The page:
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I have just discovered that the plant is an aloe, not a cactus and as I am a member of the Cactus and Succulent Society of America, it won't do to so misname common plants. Imogen Cunningham

Aloe, 1925

Aloe, 1925
gelatin silver print
signed in pencil (in the margin); Mills College credit label with typed title 'Cactus' and artist's typed note contained in a mylar sleeve affixed (on the reverse of the mat)
image: 11¼ x 9in. (29 x 23.3cm.)
sheet: 14 x 11in. (35.9 x 28.5cm.)
With Paul Hertzmann Inc., San Francisco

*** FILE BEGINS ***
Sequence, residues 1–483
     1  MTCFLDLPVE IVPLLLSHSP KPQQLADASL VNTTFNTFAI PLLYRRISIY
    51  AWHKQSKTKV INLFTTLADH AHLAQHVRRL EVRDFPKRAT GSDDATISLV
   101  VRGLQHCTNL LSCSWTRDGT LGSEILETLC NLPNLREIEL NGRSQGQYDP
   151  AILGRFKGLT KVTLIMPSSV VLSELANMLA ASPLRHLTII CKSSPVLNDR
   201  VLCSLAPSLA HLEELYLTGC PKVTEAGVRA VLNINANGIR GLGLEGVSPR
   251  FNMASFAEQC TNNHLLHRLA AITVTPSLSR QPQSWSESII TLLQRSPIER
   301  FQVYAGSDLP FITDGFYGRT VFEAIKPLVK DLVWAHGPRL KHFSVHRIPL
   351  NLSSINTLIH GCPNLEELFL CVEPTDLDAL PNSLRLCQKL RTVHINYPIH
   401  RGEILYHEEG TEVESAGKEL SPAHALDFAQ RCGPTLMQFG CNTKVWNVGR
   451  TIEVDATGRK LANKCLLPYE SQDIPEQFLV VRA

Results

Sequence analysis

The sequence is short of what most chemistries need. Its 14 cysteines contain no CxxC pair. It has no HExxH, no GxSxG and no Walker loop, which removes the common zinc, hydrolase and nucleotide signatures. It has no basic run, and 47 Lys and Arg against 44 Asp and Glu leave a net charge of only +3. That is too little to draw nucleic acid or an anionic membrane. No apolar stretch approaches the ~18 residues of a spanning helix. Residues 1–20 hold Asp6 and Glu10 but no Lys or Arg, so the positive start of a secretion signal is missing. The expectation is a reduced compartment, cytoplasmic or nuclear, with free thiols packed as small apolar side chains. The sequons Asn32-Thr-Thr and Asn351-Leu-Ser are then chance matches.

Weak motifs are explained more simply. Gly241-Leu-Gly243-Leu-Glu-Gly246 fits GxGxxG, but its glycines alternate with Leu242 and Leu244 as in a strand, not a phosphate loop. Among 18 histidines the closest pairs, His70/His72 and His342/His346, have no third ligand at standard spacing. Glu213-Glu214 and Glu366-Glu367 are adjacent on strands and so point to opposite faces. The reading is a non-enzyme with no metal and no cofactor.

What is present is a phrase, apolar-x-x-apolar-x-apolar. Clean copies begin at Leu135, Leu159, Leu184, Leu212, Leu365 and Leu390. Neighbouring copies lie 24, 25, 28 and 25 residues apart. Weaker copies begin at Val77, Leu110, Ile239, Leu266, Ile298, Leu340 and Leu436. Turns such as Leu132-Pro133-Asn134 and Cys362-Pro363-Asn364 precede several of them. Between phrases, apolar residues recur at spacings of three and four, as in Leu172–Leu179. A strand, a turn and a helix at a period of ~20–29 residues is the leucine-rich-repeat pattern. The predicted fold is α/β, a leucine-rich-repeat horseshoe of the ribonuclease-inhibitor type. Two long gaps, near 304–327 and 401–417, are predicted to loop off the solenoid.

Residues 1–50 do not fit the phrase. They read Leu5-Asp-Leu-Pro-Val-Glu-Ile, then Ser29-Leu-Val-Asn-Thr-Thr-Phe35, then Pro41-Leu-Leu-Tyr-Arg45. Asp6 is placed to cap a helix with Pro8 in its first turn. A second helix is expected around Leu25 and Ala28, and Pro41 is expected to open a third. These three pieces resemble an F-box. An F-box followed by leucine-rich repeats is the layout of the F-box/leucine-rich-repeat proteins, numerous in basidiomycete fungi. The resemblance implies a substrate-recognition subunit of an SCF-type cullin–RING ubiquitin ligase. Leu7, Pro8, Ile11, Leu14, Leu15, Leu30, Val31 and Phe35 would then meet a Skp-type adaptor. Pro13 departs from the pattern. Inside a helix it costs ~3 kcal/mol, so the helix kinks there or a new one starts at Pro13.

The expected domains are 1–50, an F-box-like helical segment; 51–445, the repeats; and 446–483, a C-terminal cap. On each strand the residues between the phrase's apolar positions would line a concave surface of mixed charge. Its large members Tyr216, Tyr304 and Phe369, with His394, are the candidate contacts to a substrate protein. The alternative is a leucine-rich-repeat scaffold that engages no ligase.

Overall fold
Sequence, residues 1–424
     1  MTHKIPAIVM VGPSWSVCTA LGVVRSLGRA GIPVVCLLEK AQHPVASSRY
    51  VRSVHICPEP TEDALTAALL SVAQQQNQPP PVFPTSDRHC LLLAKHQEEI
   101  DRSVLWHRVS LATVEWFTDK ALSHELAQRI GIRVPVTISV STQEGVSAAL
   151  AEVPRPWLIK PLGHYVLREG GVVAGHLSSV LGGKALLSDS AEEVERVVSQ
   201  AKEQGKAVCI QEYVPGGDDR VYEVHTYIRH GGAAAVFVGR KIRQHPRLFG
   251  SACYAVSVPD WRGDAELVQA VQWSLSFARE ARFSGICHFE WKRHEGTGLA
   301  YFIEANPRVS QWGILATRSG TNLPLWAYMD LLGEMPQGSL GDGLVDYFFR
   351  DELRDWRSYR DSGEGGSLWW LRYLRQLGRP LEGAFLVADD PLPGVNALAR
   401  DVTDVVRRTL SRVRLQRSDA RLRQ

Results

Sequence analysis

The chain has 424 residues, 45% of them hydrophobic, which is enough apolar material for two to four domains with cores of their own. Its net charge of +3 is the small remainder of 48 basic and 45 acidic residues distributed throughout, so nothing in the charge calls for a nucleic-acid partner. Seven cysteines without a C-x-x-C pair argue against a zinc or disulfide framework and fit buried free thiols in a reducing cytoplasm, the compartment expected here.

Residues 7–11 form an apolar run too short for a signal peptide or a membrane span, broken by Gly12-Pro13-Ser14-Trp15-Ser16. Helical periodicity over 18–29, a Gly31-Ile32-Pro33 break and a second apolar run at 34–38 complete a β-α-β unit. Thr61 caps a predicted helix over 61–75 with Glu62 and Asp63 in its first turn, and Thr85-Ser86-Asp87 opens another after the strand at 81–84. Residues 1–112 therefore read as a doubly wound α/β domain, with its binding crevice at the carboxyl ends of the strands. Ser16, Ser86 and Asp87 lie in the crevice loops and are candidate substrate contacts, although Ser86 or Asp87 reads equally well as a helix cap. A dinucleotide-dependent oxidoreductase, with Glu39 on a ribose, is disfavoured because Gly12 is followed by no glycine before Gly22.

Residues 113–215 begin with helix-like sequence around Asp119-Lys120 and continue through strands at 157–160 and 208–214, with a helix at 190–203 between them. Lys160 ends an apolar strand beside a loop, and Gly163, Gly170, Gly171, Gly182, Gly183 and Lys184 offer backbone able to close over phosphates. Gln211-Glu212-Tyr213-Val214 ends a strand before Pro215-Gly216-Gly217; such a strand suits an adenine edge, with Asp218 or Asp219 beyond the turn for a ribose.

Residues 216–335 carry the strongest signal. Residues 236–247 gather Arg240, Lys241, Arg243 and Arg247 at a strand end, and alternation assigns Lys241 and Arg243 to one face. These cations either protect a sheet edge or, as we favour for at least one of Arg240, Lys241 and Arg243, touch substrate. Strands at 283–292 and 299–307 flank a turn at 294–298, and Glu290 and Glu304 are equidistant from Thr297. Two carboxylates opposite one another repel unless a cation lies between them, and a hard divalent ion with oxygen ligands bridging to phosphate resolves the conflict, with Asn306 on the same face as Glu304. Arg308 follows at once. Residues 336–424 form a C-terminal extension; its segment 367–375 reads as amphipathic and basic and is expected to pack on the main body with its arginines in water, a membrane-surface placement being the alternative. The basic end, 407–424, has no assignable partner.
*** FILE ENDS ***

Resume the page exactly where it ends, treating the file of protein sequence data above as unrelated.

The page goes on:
Lorenz, Imogen Cunningham: Ideas without End, Chronicle Books, 1993, pl. 35, p. 100

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Lot Essay

Cunningham's concern for purity of image and clarity of detail, as well as her great interest in photographing flora, became increasingly important during the 1920s. Lot 155, her study of an aloe plant (which she charmingly mistitled Cactus, as well as the better known Magnolia Blossom, see previous lot), are both important examples of these developments in her work.

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